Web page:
Loss is such a funny way to describe death. Loss. Like the way you’d lose your keys or misplace an important piece of paper. The thing about loss in regular language is that it implies the thing lost can be found. That’s not the case when you “lose” someone to death.
When someone dies, they typically don’t come back. Sure, we’ve all heard the stories of the people who have turned away from the light and come back, people who have been resuscitated after their heart stopped, etc. But typically, when you cross that threshold from life to death, you’re gone. Those who lost you won’t find you in their current state of being.
I’m not a fan of describing it like that. My Papa died on Friday. Period. He “lost” his battle to cancer-melanoma on his lungs, can you believe it?-but we didn’t really lose him.
Energy never dies. Therefore, his soul, his energy, his spirit, the impacts his life here on Earth have made, live on.
The rippling effects from his life will continue to echo forever. I don’t pretend to know what the afterlife is like, but I do know that in our known world, one small coincidence can change the course of history. Did you know Hitler was almost shot and killed by a Brit in WWI, but in a split second act of compassion the Brit lowered his gun and let him walk? That split second altered history. If your great-great-great-great grandparents never met, you wouldn’t exist. Their choice to have a child, who had another, and then another, who happened to pass on a specific sequence of DNA made you. But if your parents had sex and made babies at a different time, you wouldn’t exist because the likelihood of conceiving YOU, with that exact sperm/egg combo, just doesn’t exist. It wouldn’t have happened. I try not to think about this too much as it blows my mind.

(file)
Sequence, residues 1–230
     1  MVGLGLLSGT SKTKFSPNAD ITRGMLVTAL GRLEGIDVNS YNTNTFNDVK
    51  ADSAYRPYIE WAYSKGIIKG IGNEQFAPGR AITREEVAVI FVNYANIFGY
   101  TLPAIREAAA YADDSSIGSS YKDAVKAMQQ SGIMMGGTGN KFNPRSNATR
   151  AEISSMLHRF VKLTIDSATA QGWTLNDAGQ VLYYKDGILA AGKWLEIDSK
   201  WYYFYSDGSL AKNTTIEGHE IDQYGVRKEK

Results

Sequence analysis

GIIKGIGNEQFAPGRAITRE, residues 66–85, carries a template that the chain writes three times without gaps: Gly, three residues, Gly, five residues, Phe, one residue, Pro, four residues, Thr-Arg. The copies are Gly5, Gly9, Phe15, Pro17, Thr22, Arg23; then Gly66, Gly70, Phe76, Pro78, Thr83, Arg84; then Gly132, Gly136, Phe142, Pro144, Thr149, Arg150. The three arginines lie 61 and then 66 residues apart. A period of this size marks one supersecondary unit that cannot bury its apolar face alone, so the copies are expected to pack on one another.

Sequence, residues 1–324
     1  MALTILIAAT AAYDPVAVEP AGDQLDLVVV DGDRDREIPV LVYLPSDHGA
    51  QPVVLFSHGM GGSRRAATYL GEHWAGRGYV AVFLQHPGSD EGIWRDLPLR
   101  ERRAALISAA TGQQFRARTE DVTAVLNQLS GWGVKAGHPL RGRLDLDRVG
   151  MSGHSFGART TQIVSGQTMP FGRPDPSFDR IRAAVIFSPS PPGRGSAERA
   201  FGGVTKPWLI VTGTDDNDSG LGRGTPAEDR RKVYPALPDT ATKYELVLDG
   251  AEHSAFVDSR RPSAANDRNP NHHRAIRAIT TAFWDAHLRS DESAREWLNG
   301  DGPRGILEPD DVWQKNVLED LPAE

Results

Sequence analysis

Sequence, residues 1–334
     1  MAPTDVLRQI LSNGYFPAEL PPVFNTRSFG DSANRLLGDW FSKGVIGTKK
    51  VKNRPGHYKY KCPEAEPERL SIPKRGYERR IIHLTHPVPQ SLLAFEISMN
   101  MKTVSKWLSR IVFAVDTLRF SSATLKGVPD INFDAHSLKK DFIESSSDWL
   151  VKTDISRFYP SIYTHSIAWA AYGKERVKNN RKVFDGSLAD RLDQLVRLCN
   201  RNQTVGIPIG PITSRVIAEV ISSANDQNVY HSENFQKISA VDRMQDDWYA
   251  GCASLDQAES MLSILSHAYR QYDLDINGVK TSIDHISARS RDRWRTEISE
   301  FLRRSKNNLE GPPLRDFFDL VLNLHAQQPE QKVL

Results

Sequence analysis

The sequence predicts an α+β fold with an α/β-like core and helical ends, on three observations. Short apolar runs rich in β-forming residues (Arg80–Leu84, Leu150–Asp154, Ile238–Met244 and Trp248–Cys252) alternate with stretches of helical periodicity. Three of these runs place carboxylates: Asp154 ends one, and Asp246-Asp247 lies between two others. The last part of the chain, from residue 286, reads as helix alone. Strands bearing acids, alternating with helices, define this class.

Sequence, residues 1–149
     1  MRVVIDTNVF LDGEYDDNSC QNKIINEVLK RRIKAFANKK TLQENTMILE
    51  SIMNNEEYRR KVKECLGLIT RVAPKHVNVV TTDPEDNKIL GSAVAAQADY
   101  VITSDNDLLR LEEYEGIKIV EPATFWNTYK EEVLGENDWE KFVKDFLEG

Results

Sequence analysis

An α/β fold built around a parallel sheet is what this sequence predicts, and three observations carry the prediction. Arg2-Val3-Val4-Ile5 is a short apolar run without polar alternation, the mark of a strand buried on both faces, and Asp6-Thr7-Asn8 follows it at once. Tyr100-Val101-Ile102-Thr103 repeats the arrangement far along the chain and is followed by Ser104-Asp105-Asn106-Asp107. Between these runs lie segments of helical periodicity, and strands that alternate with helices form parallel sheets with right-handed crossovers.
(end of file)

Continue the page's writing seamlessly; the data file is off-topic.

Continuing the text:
So no, I don’t believe we lost my Papa. His life has impacts we don’t yet even know. He’s dead, sure, I don’t mind putting it bluntly. His body won’t exist ever again. I can’t call him up to have him immediately hand the phone to my grandmother, who likes talking on the phone way more than he ever did. But the fact that his life echoes- and all the loved ones we’ve lost, their life echoes too, especially in our hearts and in our lives- is of comfort to me. Maybe someone else out there can find comfort in this, too.
2 thoughts on “On Loss”
Sorry for your ‘loss’, or rather, change in your life. I pretty much agree with how you’re seeing it – I’ve developed this same way: the people who we were close to will continue to hold this influence over our lives, even if we can’t phone them up or meet them face to face, everything they were they still are/can be. I wonder if my understanding came about through having now dealt with a number of deaths in my life.
LikeLiked by 1 person
I think that’s where my understanding of it comes through, too. The influences of the people I’ve lost echo profoundly in my life, but in other ways, they echo in other people’s lives to. It’s mind blowing to me haha.